Externalizing problems precede adolescent substance use in both genders, whereas, among boys, substance use also precedes criminal offences. Internalizing problems may follow substance use in females. These associations were robust even when taking into account previous mental health problems.
Recent interest has focused on the association between cannabis use and risk
of psychosis. In the largest unselected population-based study on this topic
to date, we examined cannabis use and prodromal symptoms of psychosis at age
15-16 years among 6330 adolescents. Those who had tried cannabis (n=352;
5.6% of the total sample) were more likely to present three or more
prodromal symptoms even after controlling for confounders including previous
behavioural symptoms (OR=2.23; 95% CI 1.70-2.94). A dose-response effect was
seen. We conclude that cannabis use is associated with prodromal symptoms of
psychosis in adolescence.
Previous studies have documented associations between mental and physical health problems in cross-sectional studies, yet little is known about these relationships over time or the specificity of these associations. The aim of the current study was to examine the relationship between mental health problems in childhood at age 8 years and physical disorders in adulthood at ages 18–23 years.
Multiple logistic regression analyses were used to examine the relationship between childhood mental health problems, reported by child, parent and teacher, and physical disorders diagnosed by a physician in early adulthood.
Significant linkages emerged between childhood mental health problems and obesity, atopic eczema, epilepsy and asthma in early adulthood. Specifically, conduct problems in childhood were associated with a significantly increased likelihood of obesity and atopic eczema; emotional problems were associated with an increased likelihood of epilepsy and asthma; and depression symptoms at age 8 were associated with an increased risk of asthma in early adulthood.
Our findings provide the first evidence of an association between mental health problems during childhood and increased risk of specific physical health problems, mainly asthma and obesity, during early adulthood, in a representative sample of males over time. These data suggest that behavioral and emotional problems in childhood may signal vulnerability to chronic physical health problems during early adulthood.
We analyzed depressive and psychosomatic symptoms in relation to parental preference in 419 twins at the age of 22 to 30 years. Depressiveness was elicited with Children's Depression Inventory and reported as a total score and three subscales (low self-confidence, anhedonia and sadness) based on factor analysis as reported in a previous epidemiological study conducted in Finland. Items assessing nervous complaints and somatic symptoms were adapted from Finnish studies of juvenile health habits. Twins reported the preference in two directions: experienced parental preference towards either twin, and twin's own preference towards either parent. About half of the twins were from pairs where both twins experienced having been equally close to both parents, while about 30% were from ‘equal and mother's’ pair, where one twin evaluated having been preferred by the mother and the co-twin evaluated having been equally close to both parents. According to the twins' own preference, about one third of the twin pairs were ‘both equal’, one third ‘both mother's’ and one third ‘equal and mother's’. Those male twins who were equally close to both parents (experienced parental preference) had least total depressiveness, while females in the intermediate situation had the highest self-confidence and least anhedonia and nervousness. According to twins' own preference, twins who felt equally close to both parents had the least depressiveness and anhedonia. The intermediate position seems to be the best alternative, as these twins had the least symptoms.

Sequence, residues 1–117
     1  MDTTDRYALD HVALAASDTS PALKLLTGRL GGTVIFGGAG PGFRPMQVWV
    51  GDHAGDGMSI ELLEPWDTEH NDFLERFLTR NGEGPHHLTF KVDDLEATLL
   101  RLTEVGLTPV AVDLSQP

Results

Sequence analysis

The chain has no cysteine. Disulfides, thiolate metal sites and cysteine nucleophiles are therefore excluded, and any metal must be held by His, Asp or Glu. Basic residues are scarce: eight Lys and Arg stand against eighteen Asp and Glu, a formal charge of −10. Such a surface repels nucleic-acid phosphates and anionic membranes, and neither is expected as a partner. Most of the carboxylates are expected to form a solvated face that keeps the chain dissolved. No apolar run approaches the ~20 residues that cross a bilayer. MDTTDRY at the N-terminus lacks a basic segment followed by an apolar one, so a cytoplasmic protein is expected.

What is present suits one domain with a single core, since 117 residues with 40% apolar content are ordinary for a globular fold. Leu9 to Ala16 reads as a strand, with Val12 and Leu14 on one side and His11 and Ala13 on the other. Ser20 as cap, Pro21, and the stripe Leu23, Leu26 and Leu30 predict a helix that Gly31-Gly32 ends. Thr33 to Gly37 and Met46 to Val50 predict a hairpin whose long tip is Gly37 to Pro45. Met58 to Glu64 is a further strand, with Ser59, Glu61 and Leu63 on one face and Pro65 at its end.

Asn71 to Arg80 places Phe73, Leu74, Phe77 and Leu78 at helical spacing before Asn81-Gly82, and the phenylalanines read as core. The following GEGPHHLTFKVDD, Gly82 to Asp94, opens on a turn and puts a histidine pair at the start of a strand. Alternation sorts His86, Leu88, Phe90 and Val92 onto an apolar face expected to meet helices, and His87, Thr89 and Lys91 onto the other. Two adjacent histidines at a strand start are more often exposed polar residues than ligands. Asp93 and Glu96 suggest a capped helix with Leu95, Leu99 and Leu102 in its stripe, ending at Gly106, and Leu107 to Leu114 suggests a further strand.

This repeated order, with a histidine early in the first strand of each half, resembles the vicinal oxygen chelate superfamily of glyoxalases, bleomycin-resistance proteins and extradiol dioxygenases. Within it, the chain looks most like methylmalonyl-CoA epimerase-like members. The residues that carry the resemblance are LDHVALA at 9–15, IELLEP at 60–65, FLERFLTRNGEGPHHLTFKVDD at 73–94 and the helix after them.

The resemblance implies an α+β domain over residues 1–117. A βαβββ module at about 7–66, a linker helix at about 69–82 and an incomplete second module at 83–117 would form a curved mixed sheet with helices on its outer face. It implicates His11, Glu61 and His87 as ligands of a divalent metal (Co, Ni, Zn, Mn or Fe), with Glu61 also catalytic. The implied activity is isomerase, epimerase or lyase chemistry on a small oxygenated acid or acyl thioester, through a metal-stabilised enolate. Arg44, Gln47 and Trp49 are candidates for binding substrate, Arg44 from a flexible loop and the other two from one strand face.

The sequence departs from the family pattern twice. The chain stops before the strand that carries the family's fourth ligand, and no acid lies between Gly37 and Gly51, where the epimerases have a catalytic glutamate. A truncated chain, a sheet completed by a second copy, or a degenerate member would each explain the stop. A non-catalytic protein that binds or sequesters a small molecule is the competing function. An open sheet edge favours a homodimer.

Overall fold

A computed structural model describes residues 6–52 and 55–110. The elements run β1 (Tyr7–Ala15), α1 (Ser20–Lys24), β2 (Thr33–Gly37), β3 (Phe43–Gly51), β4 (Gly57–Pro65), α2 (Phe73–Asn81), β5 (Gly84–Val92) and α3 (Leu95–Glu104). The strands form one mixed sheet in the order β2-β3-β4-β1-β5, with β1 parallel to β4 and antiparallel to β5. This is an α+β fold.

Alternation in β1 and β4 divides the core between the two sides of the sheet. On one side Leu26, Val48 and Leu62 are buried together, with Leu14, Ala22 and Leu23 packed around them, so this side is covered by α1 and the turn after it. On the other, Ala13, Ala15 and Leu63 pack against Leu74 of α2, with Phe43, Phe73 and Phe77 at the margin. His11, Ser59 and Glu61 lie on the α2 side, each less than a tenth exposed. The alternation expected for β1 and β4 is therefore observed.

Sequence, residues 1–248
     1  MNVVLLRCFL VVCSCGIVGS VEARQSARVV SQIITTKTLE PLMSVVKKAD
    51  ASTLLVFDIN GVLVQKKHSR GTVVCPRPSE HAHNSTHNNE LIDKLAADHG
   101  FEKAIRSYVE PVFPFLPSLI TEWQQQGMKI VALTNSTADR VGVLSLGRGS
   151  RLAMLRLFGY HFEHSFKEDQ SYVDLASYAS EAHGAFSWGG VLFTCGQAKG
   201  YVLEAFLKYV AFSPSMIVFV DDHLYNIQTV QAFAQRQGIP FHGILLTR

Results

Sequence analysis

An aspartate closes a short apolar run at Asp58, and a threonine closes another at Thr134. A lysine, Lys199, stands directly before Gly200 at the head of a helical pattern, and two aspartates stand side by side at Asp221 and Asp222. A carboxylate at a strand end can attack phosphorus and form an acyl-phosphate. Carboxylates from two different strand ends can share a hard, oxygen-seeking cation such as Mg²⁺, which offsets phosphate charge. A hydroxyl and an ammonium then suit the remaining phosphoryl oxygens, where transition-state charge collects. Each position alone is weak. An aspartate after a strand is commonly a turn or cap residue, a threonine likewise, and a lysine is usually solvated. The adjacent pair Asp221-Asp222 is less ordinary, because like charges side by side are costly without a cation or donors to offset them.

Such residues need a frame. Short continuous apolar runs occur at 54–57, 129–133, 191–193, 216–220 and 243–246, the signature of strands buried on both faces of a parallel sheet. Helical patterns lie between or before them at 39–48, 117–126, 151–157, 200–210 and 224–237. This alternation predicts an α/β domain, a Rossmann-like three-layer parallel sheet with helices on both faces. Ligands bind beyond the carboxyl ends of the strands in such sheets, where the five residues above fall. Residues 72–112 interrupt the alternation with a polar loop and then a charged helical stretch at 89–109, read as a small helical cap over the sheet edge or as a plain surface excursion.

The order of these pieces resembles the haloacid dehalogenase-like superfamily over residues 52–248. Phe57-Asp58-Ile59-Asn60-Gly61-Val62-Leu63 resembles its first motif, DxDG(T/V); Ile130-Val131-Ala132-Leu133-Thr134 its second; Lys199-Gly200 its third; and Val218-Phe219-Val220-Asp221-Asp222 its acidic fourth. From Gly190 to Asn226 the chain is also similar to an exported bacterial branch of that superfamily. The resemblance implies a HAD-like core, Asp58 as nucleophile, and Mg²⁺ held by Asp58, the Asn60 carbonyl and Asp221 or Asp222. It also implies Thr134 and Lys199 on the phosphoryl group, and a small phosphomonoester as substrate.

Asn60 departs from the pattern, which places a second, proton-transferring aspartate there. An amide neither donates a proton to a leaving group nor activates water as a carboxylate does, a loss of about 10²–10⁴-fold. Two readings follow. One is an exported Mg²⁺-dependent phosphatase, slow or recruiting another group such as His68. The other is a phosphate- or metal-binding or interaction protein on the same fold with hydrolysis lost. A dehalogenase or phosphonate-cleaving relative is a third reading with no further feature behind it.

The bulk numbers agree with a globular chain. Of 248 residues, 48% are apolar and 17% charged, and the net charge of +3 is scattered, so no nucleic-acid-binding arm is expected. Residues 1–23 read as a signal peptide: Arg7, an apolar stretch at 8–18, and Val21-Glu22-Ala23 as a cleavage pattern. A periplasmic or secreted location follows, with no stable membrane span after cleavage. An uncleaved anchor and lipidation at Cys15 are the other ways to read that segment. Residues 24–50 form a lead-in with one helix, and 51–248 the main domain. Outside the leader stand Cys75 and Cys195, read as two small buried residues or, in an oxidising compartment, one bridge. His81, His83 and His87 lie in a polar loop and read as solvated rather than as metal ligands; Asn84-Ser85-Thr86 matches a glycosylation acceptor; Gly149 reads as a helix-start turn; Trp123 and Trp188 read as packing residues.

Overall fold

Subtle motor, emotional, cognitive and behavioural abnormalities are often present in apparently healthy individuals who later develop schizophrenia, suggesting that some aspects of causation are established before overt psychosis.
To outline the development of schizophrenia.
We drew on evidence from The Northern Finland 1966 Birth Cohort supplemented by selected findings from other relevant literature.
The main known risk factors in development of schizophrenia are genetic causes, pregnancy and delivery complications, slow neuromotor development, and deviant cognitive and academic performance. However, their effect size and predictive power are small.
No powerful risk factor, premorbid sign or risk indicator has been identified that is useful for the prediction of schizophrenia in the general population.
Levels of immunoglobulins IgG, IgA, IgM and IgE were determined in 8 MZ and 14 DZ twin pairs at the ages of 6-11 years, 12-17 years and 15-20 years. Intrapair similarity in immunoglobulin levels was found to be higher in the MZ than in the DZ twins, especially in the case of immunoglobulins IgA and IgM.